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Most of us know Brian Fallon as the frontman for the Gaslight Anthem, an act who started out in Jersey basements and slowly built their way up to headlining New York’s Radio City Music Hall. Despite the success Fallon has had with his main band he’s always loved decidedly less rocking acts such as the Afghan Whigs and Tom Waits. The Horrible Crowes—his new side-project alongside longtime friend Ian Perkins—is his lounge-friendly tip of the hat to the acts who have shaped another side of his musical vision.
The idea for Horrible Crowes started at the end of last year and was formed out of the bond that Fallon and Perkins developed through their mutual love of music. “The two of us had this ritual where we’d go into the back of the bus at the end of the show and just start showing each other records,” Fallon explains, adding that PJ Harvey, Afghan Whigs and Joan As Police Woman were some of the acts that they exposed each other to during these sessions. “I’ve always wanted to experiment with the darker side of soul music and one day we were just like, ‘let’s write some songs and see what they sound like’ and it turned out that it sounded great.”
After demoing the track that would eventually be Elsie the band headed into the studio earlier this year to put these songs to tape with the help Ted Hutt (Dropkick Murphys, Chuck Ragan)—and although the band is technically a two-piece, they also enlisted Steve Sidelnyk (drums and percussion), the Parkington Sisters (strings and accordion), Ted Hutt (guitars), Adele Jensen (trumpet) and The Gaslight Anthem’s other members to add more texture to the sound of the album . “What I’m doing here is so far removed from what the stuff we do in the Gaslight Anthem,” Fallon explains. “The one thing I wanted to stay away from here was doing an acoustic folk record or something that sounded like my other band. This is a completely different beast and it’s just another side of the music that’s shaped my identity.”
Sonically Elsie sees Fallon working with strings for the first time and stretching out musically in ways that might surprise longtime fans of his writing. “I had to sit down and really teach myself over the past eight months how to play piano and write orchestrated music,” he explains. “I’m a chord guy on guitar so I don’t know all of the notes on the neck so it was a really big challenge to try to step outside of my comfort zone, but I think this record wouldn’t have worked if I hadn’t done that.” Additionally the album sees the group using drum loops over actual instrumentation to create a unique dichotomy between organic and electronic instrumentation that prevents Elsie from lapsing into familiar territory.
While Fallon excels at inciting sing-alongs with the Gaslight Anthem, Elsie sees him turning his perspective inward and crafting something that’s unsettling in the best way possible. “There’s a song on the album called ‘Mary Ann’ that’s just straight up Tom Waits Bone Machine-era lunacy,” he explains. “It’s just madness screamed through a bullet mic.” Alternately he describes “Go Tell Everybody” has his definitive break-up song and adds that it also contains a level of rancor that will resonate on a purely human level. “I tried to capture the viciousness about what comes out when you’re going through a break-up and you hit that wall and you’re like, ‘that’s it, all the sweetness and sensitivity that was there before is gone now.’”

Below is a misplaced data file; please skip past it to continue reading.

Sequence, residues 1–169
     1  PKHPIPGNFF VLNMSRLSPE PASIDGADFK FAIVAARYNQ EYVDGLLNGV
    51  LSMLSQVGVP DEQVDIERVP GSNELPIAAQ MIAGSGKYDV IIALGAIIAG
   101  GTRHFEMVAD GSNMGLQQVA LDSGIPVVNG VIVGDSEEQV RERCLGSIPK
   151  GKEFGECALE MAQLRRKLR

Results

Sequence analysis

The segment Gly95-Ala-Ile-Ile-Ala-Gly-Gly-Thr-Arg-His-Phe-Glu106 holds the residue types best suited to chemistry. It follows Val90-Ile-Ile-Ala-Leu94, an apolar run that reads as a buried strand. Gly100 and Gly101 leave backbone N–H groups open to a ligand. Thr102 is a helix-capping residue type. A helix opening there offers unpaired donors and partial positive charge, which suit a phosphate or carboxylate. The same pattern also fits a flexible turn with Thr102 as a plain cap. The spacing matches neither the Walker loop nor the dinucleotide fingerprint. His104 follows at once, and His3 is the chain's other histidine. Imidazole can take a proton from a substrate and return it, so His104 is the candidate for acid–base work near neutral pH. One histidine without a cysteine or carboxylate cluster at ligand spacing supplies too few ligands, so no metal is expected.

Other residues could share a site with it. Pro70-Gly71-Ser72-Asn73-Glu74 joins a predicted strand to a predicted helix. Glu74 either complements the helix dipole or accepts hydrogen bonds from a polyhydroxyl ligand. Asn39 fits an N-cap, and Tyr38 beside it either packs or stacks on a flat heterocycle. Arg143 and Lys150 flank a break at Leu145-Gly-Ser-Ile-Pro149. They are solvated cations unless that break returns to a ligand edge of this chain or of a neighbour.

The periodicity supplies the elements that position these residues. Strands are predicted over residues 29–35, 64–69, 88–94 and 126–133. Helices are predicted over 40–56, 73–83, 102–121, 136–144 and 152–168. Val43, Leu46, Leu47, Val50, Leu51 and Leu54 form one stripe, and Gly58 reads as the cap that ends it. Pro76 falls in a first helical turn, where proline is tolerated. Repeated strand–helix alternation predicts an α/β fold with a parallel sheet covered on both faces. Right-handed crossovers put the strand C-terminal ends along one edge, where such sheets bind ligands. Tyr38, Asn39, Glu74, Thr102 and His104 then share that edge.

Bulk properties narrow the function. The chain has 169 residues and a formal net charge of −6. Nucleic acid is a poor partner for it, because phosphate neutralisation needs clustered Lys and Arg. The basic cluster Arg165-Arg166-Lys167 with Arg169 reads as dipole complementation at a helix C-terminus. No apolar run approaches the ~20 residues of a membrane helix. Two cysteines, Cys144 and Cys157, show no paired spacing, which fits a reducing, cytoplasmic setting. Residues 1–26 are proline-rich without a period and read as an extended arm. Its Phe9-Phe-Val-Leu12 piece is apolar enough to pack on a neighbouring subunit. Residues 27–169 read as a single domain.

Elsie is also the most personal release of Fallon’s career and while the Gaslight Anthem’s music is loaded with characters and iconography, this album sees Fallon stripping back the metaphors to put it all on the line. “There’s only one character here and it’s about me and three or four relationships that I’ve had throughout my life,” Fallon explains. “It’s really a trip through a breakdown and it catalogs this dissent into madness and finally redemption.” While drug addictions, ex-girlfriends and religion all creep their way into these songs, Elsie isn’t a linear album as much as it is a catalog of experiences that are conveyed in a way that was equally as cathartic for Fallon to create as it will inevitably be for his listeners to hear.
Ultimately Fallon doesn’t see Horrible Crowes as a side-project as it is just another side to his musical identity and sees no reason why both of his passions can’t co-exist in the real world the same way they do in his own psyche. “I would love if this band turned into a big deal because then I get to be in two great acts—and all of the guys in the Gaslight Anthem love this project, too,” he summarizes. “If this project takes off then we’ll just end up being in two bands I love instead of one.”